Based on the typical maximum yields during a good farming year in northwest Ohio, the WRSIS project team set a crop yield goal of 200 bushels per acre for corn and 70 bushels per acre for soybeans. Although the Shiningers have come close to that goal, with a four-year average total yield of 194 bushels per acre of corn and 66.4 bushels per acre of soybeans, the other two sites posted considerably lower yields (a corn and soybean average of 152 and 45.7 bushels per acre, respectively).

“We test new varieties to see which reacts the best with the system,” said Shininger. “I believe our increase in yield is mostly due to better drainage rather than the better irrigation.”

The low numbers in Defiance and Van Wert counties are partly because of a combination of wet years and poor drainage in certain areas. As the project team continues to learn about and correct these problems, the averages should increase.

“At this point, the increased yields seen are probably not great enough to offset the start-up and operational costs. However, costs will decrease as we gain more experience with design, construction, and management of these innovative systems,” said Allred.

But, Allred emphasized, “there are other benefits that are difficult to put a price on, such as reduced sediment and nutrient inputs into the river and increased wetland wildlife habitat.”

Future designs may include combining the wetland and reservoir, said Allred.

A monitoring program will provide information documenting WRSIS benefits to water quality, wildlife habitat, and crop yield at all three sites. They are currently gathering data on the quality of water being released offsite, the quality of the recycled irrigation water, and wetland treatment efficiencies.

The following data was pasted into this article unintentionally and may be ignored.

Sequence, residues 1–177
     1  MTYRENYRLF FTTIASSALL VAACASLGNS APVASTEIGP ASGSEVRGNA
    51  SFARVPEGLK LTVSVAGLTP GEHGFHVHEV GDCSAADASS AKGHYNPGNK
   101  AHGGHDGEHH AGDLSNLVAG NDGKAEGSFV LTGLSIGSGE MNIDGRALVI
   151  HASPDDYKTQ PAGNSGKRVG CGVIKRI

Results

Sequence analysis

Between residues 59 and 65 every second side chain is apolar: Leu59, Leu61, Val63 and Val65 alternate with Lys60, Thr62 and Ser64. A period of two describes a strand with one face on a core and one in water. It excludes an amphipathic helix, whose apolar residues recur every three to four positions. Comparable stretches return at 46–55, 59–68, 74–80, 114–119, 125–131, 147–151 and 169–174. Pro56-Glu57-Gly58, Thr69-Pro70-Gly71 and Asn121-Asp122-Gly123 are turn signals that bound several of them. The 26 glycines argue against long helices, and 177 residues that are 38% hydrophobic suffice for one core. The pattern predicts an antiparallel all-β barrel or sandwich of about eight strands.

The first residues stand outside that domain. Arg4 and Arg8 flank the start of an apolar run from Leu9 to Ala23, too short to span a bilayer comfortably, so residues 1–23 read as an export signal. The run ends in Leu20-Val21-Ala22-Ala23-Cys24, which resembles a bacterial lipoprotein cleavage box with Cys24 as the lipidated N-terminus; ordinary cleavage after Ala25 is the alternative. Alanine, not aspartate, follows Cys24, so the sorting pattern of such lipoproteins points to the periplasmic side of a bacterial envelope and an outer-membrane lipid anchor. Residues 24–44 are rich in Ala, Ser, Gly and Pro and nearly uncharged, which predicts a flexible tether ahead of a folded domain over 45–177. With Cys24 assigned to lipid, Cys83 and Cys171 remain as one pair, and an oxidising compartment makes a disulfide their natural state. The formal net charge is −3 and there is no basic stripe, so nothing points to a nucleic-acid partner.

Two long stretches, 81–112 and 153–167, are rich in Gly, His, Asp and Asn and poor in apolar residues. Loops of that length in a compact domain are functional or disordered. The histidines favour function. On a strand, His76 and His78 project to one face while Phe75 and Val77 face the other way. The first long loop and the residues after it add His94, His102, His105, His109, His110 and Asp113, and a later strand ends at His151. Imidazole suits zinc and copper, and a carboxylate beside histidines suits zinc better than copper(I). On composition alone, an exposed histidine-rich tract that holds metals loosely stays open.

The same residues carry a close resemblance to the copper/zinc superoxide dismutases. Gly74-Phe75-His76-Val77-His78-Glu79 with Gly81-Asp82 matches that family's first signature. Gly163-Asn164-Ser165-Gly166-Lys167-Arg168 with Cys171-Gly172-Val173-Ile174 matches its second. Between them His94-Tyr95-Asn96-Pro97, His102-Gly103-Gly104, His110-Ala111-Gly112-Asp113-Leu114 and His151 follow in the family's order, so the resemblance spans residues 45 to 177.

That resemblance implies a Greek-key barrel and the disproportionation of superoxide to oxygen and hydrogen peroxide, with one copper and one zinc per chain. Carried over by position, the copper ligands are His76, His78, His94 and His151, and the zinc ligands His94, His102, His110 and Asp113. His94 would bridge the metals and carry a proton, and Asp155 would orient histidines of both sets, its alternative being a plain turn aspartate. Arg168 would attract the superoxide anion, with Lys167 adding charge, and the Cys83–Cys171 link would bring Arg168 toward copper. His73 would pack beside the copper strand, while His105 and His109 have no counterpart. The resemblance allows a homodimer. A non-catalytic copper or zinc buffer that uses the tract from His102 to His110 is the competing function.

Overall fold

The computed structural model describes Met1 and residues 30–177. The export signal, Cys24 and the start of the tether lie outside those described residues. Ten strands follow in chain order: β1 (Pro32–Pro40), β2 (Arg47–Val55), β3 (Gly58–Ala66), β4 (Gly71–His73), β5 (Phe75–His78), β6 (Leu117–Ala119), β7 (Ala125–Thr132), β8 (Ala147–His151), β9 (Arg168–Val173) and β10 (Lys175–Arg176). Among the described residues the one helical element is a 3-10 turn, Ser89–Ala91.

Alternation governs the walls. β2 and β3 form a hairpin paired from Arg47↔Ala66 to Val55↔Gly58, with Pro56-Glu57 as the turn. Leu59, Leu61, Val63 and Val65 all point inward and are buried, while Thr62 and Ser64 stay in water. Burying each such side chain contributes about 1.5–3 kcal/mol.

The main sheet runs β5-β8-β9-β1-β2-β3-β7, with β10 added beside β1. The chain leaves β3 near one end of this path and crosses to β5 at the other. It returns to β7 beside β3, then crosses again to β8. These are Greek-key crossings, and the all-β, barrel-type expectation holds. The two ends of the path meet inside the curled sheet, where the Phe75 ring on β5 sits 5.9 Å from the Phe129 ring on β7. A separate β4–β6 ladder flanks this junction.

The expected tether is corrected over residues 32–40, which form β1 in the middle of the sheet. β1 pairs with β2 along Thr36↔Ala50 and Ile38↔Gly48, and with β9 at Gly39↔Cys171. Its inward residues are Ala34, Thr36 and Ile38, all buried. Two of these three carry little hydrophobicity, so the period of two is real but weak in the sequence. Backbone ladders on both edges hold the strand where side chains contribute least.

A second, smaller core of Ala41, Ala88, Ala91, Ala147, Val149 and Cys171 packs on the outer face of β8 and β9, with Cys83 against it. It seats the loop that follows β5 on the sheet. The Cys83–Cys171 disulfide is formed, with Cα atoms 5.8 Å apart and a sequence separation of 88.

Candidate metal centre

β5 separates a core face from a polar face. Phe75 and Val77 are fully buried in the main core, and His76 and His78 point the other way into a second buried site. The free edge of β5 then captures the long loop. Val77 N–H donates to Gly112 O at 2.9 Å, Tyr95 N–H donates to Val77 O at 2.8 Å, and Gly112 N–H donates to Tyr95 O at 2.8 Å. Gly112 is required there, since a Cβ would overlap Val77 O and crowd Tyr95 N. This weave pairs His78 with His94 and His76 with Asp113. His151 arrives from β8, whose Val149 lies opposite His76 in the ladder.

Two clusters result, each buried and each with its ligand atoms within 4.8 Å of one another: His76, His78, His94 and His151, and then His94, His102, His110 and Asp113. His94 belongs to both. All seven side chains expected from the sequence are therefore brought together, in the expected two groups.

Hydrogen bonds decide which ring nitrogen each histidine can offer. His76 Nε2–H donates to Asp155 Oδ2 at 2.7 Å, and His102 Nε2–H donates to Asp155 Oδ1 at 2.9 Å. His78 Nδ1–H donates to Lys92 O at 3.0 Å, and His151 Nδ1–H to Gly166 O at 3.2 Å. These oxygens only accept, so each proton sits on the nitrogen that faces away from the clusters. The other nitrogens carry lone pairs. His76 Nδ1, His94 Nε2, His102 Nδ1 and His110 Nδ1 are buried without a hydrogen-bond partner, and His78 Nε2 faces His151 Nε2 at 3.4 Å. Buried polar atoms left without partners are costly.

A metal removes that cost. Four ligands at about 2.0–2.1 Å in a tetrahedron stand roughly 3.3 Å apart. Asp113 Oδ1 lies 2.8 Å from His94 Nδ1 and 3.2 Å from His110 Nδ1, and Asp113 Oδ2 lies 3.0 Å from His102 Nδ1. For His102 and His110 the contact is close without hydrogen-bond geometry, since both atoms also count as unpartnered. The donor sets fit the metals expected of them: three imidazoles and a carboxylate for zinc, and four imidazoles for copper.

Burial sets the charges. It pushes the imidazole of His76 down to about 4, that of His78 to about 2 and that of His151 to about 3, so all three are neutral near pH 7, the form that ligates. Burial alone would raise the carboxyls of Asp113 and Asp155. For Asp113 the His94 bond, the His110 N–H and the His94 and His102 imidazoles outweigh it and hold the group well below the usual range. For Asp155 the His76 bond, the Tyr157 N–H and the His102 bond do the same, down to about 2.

“We’ll have to collect data for a number of years before we can draw firm conclusions about WRSIS sediment and nutrient removal effectiveness,” Allred said. “However, since they’re mostly a closed-loop system, we’re confident that offsite escape of sediment, nitrate, phosphate, and pesticides will be greatly reduced.”

This technology is already being transferred to other places. Many of the design components from the first three WRSIS test sites have been incorporated at a new location presently operational on the Yocom family farm in the Big Darby Creek Watershed in Champaign County. This new location uses no pumps and is totally driven by gravity.

“There are two wetlands used in this system. There was a natural wetland that we enhanced, and we created a new wetland from prior converted crop land,” said Larry Brown, of OSU’s Food, Agricultural, and Biological Engineering Department. “Because it is gravity driven, there is zero energy cost to the farmer.”

The upland natural wetland, fed by surface runoff and subsurface drainage, provides subirrigation water for lower elevation agricultural fields. Subsurface drainage from these fields is then routed to a down-gradient constructed wetland for treatment before water is released offsite into a local stream.

Other potential sites are now being evaluated in Indiana and Ontario, Canada. WRSIS construction and management concepts have recently been included in the Overholt Drainage School (, an annual short course offered to consultants, farmers, and drainage contractors that is coordinated by Brown.

“Each system has to be specifically designed for the area. One of the most important components to the system is that we’re enhancing natural wetlands and also increasing the number of wetlands,” said Brown. “We are creating environmentally sound farming.”